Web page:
La Grande Musicienne represents a key moment in Henri Laurens’ career, as his style shifted from the firm lines and angles of early Cubism to a more poetical, graceful form. The sculpture depicts a kneeling woman playing the lyre; largely composed of sweeping curves and smooth lines, the woman’s form evokes a passionate intensity through her flung back head and taut legs. The sculpture was purchased by the city to accompany the completion and opening of the Doelen concert hall in 1966, and is seen as a visual celebration of Rotterdam’s enthusiasm for music and the arts.
L’homme qui marche, Auguste Rodin (1905)
L’homie qui marche is an excellent example of Auguste Rodin’s use of realism in portraying a sense of physicality, tension and movement in his figures. According to art historical studies, the figure was not created from a single model, but was rather put together from various sketches and studies Rodin had previously done for his sculpture of John the Baptist. L’homie qui marche demonstrates the exciting contradiction between movement and stillness found in Rodin’s oeuvre: the detail and tautness of the muscles, and the suggestion of immediate walking created by the two feet flat on the ground adds a certain lively vigor; while the shining, hard bronze reminds the viewer of the sculpture’s immobile nature.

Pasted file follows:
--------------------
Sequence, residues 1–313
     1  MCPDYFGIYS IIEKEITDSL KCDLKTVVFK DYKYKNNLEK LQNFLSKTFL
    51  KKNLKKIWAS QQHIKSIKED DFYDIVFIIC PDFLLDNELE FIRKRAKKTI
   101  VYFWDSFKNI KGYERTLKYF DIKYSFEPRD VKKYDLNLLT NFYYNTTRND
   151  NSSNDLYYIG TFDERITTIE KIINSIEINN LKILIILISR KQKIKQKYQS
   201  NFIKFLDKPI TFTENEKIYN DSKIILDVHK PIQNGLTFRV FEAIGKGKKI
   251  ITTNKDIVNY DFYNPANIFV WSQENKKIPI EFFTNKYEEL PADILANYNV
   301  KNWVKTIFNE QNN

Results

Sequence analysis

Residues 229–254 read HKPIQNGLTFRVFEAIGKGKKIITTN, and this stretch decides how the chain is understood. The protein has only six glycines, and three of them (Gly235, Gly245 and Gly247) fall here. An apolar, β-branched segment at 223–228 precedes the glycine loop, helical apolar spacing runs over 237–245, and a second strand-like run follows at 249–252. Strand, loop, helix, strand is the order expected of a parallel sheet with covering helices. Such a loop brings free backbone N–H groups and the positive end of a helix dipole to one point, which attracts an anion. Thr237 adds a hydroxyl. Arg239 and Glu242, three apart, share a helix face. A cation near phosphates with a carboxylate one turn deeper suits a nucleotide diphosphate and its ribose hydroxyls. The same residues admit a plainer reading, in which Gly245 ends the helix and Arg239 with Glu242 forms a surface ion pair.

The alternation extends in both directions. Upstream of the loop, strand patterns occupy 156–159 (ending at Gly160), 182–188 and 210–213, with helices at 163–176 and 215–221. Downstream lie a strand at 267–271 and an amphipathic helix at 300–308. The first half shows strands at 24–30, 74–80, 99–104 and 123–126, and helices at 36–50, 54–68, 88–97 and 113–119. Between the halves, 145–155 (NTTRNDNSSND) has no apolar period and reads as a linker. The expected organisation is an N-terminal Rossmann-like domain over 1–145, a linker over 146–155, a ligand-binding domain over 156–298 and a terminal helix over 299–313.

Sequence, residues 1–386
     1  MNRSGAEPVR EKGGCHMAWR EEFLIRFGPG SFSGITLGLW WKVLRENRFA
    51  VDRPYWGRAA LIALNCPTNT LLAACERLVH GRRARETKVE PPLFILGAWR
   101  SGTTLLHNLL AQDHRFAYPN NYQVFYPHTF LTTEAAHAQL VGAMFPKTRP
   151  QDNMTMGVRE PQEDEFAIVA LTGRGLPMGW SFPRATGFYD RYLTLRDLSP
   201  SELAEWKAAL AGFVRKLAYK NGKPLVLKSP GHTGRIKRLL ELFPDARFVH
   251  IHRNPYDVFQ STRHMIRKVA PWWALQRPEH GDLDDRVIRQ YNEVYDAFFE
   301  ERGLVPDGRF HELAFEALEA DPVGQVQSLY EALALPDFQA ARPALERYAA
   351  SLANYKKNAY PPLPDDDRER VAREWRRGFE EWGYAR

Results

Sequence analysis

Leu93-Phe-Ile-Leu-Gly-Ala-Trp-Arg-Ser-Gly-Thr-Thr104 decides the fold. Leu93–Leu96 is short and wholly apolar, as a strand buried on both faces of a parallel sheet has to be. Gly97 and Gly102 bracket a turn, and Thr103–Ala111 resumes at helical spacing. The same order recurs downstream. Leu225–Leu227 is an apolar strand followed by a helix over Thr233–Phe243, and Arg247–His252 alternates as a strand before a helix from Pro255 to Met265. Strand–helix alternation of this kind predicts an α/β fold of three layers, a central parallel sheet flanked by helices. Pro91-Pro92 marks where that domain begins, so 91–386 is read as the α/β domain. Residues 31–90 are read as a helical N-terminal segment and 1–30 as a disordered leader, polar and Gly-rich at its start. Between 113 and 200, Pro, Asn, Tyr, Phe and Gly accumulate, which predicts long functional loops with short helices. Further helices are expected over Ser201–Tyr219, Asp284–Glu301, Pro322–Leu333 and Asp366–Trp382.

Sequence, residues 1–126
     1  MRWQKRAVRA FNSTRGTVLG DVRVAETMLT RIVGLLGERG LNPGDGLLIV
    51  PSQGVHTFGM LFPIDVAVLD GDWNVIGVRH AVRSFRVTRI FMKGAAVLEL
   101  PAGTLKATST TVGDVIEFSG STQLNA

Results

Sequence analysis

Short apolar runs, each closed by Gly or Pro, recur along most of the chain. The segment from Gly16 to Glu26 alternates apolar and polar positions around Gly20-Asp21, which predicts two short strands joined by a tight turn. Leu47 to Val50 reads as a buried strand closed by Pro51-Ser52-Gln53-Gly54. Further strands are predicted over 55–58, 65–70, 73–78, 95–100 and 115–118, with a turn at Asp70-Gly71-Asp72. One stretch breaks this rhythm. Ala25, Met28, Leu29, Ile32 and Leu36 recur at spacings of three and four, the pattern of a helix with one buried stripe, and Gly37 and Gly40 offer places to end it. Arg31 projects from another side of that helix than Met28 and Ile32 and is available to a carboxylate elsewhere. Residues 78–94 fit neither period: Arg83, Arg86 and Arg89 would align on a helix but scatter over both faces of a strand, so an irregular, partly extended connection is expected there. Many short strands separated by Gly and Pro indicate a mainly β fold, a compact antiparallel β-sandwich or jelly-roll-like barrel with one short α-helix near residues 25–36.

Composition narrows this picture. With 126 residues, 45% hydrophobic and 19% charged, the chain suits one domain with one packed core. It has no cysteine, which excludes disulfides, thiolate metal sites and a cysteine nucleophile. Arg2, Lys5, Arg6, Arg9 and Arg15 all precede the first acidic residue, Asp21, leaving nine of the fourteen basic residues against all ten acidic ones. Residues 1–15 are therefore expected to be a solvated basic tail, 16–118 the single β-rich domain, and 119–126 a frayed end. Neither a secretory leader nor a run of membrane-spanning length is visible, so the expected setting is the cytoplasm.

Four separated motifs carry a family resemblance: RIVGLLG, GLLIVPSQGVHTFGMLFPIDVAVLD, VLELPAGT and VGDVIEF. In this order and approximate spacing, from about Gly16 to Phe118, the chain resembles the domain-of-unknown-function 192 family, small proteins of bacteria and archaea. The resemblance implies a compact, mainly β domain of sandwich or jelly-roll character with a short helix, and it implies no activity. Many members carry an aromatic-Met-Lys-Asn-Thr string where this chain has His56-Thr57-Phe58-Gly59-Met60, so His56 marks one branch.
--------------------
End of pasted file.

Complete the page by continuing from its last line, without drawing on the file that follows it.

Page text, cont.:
Santa Claus, Paul McCarthy (2001)